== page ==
This drought has gone from being a nuisance to being deadly to our wildlife. A buddy of mine recently sent me a photo of a nice buck. It was, unfortunately, dead – mired in the mud of an all but dry stock tank. It had been desperately wading through the mud, trying to find the last few drops of muddy, urine and feces filled water, when it had become mired in the gooey quagmire and simply run out of energy and the will to live. It gave up, lay down, and died.
This friend is a well-known photographer and he is astounded at the actions of the animals around the few remaining waterholes. He tells me that they are acting for all the world like the animals of Africa act during the dry season. Around the water they studiously ignore each other. The deer, coyotes, and hogs, inhabit the same tanks, drinking, sometimes, side by side, as if a truce had been called until the life giving rains return, if they ever do.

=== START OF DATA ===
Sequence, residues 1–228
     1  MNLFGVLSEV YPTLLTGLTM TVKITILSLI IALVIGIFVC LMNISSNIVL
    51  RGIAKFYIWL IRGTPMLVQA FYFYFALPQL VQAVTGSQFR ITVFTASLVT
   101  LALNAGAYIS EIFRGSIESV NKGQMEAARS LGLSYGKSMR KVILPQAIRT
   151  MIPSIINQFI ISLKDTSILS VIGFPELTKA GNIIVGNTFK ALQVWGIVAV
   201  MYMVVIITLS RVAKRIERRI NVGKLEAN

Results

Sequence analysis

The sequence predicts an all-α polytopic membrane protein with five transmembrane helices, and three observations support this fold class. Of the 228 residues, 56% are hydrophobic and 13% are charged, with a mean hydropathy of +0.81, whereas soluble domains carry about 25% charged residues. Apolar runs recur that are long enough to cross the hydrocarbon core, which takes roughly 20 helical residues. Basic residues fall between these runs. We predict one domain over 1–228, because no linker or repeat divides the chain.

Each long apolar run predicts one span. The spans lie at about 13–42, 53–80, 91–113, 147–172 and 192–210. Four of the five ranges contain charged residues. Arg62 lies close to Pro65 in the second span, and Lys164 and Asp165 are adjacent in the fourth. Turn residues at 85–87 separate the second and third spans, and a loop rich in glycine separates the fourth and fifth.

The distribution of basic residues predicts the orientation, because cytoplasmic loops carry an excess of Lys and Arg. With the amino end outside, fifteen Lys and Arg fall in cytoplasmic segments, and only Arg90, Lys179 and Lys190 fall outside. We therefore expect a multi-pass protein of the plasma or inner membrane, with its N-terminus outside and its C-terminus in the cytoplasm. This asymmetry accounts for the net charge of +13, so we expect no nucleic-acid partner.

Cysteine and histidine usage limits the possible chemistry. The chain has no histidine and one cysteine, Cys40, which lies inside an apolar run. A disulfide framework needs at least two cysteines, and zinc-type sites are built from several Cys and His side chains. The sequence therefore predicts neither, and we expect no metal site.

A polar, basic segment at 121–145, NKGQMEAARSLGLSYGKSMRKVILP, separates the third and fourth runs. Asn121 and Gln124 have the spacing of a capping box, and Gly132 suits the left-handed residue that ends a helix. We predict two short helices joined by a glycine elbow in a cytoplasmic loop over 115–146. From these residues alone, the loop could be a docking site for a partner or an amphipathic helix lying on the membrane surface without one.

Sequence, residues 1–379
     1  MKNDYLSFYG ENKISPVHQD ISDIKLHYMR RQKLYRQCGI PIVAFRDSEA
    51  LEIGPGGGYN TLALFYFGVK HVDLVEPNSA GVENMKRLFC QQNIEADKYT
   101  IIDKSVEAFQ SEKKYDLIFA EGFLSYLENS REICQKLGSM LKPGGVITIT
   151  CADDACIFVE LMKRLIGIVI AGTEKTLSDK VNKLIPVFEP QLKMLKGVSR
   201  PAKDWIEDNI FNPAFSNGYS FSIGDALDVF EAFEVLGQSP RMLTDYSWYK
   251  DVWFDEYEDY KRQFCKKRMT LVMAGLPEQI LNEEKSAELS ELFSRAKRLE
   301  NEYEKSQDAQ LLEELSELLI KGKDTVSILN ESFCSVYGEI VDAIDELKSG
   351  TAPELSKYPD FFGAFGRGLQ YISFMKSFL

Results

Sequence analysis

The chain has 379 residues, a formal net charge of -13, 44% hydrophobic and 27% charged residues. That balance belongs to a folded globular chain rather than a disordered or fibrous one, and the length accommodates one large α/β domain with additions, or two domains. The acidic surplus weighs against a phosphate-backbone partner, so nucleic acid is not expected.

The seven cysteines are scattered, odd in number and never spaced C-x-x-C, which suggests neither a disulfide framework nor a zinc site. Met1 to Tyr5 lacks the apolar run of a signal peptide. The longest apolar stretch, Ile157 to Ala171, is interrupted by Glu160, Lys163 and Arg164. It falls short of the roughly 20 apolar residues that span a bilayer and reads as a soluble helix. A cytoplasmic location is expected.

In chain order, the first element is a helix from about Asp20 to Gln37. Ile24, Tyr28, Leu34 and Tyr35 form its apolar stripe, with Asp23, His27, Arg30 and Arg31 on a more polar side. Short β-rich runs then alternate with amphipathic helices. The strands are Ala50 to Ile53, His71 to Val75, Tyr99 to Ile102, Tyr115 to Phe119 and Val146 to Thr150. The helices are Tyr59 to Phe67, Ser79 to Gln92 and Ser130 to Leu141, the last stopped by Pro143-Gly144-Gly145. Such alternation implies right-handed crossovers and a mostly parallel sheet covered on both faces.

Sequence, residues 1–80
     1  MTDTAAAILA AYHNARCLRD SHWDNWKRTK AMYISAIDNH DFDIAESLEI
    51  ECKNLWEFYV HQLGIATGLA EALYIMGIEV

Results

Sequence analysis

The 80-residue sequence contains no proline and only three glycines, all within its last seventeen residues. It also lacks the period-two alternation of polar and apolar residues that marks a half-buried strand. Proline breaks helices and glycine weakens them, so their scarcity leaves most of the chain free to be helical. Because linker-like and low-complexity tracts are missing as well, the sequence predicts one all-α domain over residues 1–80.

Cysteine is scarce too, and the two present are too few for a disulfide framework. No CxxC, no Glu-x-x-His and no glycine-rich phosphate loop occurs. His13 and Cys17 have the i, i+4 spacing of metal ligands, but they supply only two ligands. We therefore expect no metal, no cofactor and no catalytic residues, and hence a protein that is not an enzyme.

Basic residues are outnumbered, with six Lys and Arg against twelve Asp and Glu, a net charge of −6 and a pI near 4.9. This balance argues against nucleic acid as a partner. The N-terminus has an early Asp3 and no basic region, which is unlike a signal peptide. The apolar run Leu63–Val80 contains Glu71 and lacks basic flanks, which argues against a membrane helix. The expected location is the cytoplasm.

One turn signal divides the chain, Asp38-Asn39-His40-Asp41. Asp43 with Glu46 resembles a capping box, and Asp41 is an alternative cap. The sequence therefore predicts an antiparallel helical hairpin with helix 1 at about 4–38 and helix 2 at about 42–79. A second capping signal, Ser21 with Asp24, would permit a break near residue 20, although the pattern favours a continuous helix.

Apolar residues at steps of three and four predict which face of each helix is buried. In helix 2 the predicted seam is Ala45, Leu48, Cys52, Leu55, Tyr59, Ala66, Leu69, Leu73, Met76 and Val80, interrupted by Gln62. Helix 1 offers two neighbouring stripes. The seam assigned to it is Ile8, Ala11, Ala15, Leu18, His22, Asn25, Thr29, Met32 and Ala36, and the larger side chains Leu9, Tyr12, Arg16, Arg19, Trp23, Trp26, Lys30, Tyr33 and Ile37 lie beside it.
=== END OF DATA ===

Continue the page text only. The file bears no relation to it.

In my part of the country the small animals are equally desperate. The rats, field mice, cottontails, and other small animals of the brush are nibbling the soft bark of the huajilla to gain what small bit of moisture and nourishment is available from the only green plant in the pasture.
In the last 12 months we have had 3 inches of rain on my little place here in Kinney County. That is about average for the area. If you pray, I suggest that you pray for rain, because this drought has gone beyond anything within living memory.